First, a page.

After “Standing in the Middle,” I have to update on Bodhi. How is he doing?
At the time that I wrote “Standing in the Middle,” Bodhi was several weeks into a rapid decline, similar to Jani’s declines… initially slow, with warning signs that I can explain away. That is the way psychosis comes. It comes creeping slowly, so slowly that it is easy to dismiss as a “rough time” at first. We react very differently than we would to signs of a physical infection. As parents, our minds leap to the worst possibilities of strep or meningitis at the first sign of a fever. We rush into urgent care, only to learn that our child probably just has a mild viral infection.
In other words, the flu.
You know what I am talking about. Every single time your child gets sick, you agonize over how long you should wait before seeking medical attention. The rational part of your mind knows that this will probably pass but there is the other part of you that is terrified that every second you delay is allowing the bacterial or viral invaders to gain strength. You argue with yourself, going back and forth between believing you are overreacting to the fear that THIS will be the one time that you did nothing and your child will die because of it.
With mental illness, on the other hand, we do exactly the opposite. We rationalize and rationalize, always waiting for the turnaround. We treat colds like we should treat mental illness and treat mental illness like we should treat colds.
During the 2008-2009 period that takes up most of January First, the worst part for me was not Jani’s violence. I’ve seen reader reviews that speculate as to my own mental illness and/or to how those years warped my mind psychologically. These are not difficult questions to answer. Long before Jani was born, I was diagnosed with chronic depression. That remains my only formal diagnosis and the one for which I was initially given medication. My personal psychiatrist has speculated that I might also have a mild form of Asperger’s, as well as potential Bipolar II (because I have never demonstrated prolonged “manic” periods, the hallmark of Bipolar I). These potential diagnoses have never been formalized because there is, so far, no need. Whatever I have, Lexapro treats it well enough that I can function. Diagnosis is a factor of functionality. Psychiatrists will only diagnosis and treat what impairs your ability to function. Not function perfectly. The pills aren’t magic. They become necessary when your ability to function becomes impaired enough that it significantly impacts your quality of life. Psychiatry, like every other branch of medicine, is not designed to make you happy. It is designed to make you functional. After that, finding happiness is up to you.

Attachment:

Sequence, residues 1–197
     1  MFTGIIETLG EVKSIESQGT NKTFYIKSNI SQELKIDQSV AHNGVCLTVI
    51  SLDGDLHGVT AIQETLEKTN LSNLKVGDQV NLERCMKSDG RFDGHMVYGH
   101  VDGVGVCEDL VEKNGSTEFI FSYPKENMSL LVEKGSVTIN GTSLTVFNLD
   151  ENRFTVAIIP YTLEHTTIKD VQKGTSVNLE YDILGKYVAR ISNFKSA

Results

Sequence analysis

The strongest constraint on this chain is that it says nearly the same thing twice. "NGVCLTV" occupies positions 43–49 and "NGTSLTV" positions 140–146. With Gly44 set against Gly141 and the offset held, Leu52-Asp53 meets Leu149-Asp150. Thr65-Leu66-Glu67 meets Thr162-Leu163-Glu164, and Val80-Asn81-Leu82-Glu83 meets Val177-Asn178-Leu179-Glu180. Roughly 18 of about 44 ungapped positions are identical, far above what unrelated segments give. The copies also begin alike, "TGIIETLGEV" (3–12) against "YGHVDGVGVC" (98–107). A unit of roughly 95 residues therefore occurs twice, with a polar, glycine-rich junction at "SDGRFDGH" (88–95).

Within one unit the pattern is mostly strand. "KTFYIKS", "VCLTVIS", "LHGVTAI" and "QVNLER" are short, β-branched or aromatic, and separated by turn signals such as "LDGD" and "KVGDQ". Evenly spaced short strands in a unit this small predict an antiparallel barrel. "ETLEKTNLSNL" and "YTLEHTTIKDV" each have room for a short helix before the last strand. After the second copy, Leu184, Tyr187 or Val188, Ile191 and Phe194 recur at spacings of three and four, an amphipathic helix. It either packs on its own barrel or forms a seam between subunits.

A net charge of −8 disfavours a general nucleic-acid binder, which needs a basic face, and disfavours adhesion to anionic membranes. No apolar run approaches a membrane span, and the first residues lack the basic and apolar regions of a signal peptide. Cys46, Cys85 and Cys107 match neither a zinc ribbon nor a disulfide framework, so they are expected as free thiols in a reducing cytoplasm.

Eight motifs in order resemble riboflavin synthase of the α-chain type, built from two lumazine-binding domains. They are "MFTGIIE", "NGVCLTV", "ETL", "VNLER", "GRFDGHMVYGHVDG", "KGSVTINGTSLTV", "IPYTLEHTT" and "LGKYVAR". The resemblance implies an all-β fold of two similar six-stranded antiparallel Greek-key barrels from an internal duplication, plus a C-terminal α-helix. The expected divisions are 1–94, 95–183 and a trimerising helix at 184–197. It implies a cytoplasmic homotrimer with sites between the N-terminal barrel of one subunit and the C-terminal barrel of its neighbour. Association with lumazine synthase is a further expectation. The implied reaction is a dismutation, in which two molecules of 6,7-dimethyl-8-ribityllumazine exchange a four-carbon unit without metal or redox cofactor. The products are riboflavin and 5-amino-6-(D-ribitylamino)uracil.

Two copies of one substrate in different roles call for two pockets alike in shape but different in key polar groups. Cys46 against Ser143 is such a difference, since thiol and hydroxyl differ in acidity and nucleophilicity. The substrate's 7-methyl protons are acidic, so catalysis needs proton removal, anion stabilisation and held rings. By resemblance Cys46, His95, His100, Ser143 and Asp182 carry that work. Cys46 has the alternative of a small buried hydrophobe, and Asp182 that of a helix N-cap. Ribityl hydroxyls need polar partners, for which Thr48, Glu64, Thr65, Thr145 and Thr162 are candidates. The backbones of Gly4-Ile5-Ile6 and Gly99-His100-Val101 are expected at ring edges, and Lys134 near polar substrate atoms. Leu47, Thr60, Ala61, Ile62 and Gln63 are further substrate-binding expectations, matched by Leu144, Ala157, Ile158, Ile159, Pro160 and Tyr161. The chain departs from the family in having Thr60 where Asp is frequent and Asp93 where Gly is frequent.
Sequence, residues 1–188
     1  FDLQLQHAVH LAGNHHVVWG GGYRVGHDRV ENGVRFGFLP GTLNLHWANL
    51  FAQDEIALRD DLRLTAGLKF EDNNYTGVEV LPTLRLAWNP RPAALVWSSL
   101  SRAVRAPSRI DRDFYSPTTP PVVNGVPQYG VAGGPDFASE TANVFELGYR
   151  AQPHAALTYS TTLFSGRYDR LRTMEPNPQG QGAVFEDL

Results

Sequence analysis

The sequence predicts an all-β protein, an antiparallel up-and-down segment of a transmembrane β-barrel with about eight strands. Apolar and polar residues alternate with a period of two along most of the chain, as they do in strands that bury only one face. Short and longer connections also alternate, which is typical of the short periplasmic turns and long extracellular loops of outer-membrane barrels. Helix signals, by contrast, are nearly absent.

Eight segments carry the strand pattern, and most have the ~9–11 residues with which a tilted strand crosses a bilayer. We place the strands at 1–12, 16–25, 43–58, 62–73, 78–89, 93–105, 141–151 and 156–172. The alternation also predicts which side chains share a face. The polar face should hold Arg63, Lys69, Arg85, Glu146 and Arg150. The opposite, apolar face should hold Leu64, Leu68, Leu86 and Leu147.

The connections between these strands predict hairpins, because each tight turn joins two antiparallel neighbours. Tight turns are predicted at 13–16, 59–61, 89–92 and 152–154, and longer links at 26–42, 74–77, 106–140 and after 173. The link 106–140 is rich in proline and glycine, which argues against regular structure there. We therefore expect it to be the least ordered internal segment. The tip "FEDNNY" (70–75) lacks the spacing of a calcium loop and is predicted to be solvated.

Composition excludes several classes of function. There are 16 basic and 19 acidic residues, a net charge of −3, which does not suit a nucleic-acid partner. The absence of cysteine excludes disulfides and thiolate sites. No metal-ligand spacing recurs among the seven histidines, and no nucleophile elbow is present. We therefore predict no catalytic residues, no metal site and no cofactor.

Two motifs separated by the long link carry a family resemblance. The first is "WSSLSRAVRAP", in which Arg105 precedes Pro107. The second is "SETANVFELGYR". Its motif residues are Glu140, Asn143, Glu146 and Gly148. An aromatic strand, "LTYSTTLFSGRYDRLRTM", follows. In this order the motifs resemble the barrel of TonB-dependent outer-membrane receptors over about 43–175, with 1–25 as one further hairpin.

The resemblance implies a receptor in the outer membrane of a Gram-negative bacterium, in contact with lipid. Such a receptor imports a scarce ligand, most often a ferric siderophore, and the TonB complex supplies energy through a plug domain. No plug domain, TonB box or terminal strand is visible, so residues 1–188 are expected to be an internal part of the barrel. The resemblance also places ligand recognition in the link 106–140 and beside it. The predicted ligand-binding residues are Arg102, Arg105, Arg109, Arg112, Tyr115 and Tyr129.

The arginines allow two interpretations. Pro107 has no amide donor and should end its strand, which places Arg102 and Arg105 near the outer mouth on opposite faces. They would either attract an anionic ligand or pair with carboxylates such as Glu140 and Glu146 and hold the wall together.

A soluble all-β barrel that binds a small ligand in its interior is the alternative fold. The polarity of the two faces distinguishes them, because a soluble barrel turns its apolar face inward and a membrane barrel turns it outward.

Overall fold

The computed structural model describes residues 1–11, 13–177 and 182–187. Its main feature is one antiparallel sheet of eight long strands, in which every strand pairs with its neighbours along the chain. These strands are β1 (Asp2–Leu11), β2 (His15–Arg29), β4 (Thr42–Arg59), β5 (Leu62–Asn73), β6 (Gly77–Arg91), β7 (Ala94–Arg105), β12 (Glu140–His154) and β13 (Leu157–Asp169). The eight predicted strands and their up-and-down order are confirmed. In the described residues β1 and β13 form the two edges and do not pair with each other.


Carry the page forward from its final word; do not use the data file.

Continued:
How the experience changed me is also relatively easy to answer. Did the experience of trying to bring Jani back from psychosis warp me? Ah… duh. I tried to kill myself. Of course it warped me. It warped the way I see the rest of the world. It warped the way I see Susan. I undergo medication treatment for anxiety (Klonapin) and therapy for PTSD. I literally jump every time I hear a child scream. I have no doubt that my brain has literally been “re-wired.” I rarely acknowledge to myself how traumatic those experiences in the book were, let alone to those around me. I don’t because no matter how traumatic it was for me, it was worse for Jani. I do my best not to think about what it did to Bodhi, which I justify through the fact that he was too young to remember anything in the first year, that after that we split into the two apartments, and had the situation been reversed we would have done the same for him. These are all excuses. I realize that. But if I think to much about it, if I allow myself to really feel all the guilt I carry, I couldn’t function.
Psychology used to view emotional repression as a bad thing, a legacy of Freud’s belief that repressed desires would ultimately explode into what was first called “hysteria,” then “neurosis,” and then psychosis. Hence the embracing of hypnosis in the 60s and 70s in the pursuit of “repressed memories.” The result of this, though, did not improve the ability to function. It destroyed the lives of the supposed abuser(s) and left the patient no better able to be a functional adult.
By the 1990s, in the wake of the destruction rendered by childhood “regression” therapies, psychologists began to reconsider the role of “repression.” They realize that repression was not in fact a pathology but a defense mechanism that allowed the patient to function in the face of trauma, similar to how young men and women in the military are able to function in the face of death and destruction from combat.